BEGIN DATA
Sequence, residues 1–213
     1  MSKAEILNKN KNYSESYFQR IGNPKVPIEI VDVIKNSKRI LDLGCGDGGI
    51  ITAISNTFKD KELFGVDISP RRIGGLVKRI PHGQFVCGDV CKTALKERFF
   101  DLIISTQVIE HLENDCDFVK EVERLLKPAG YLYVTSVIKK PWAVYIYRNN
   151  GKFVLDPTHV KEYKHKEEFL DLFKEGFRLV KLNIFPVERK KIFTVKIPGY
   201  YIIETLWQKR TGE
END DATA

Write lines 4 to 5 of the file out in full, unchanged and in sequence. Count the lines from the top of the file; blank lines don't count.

   101  DLIISTQVIE HLENDCDFVK EVERLLKPAG YLYVTSVIKK PWAVYIYRNN
   151  GKFVLDPTHV KEYKHKEEFL DLFKEGFRLV KLNIFPVERK KIFTVKIPGY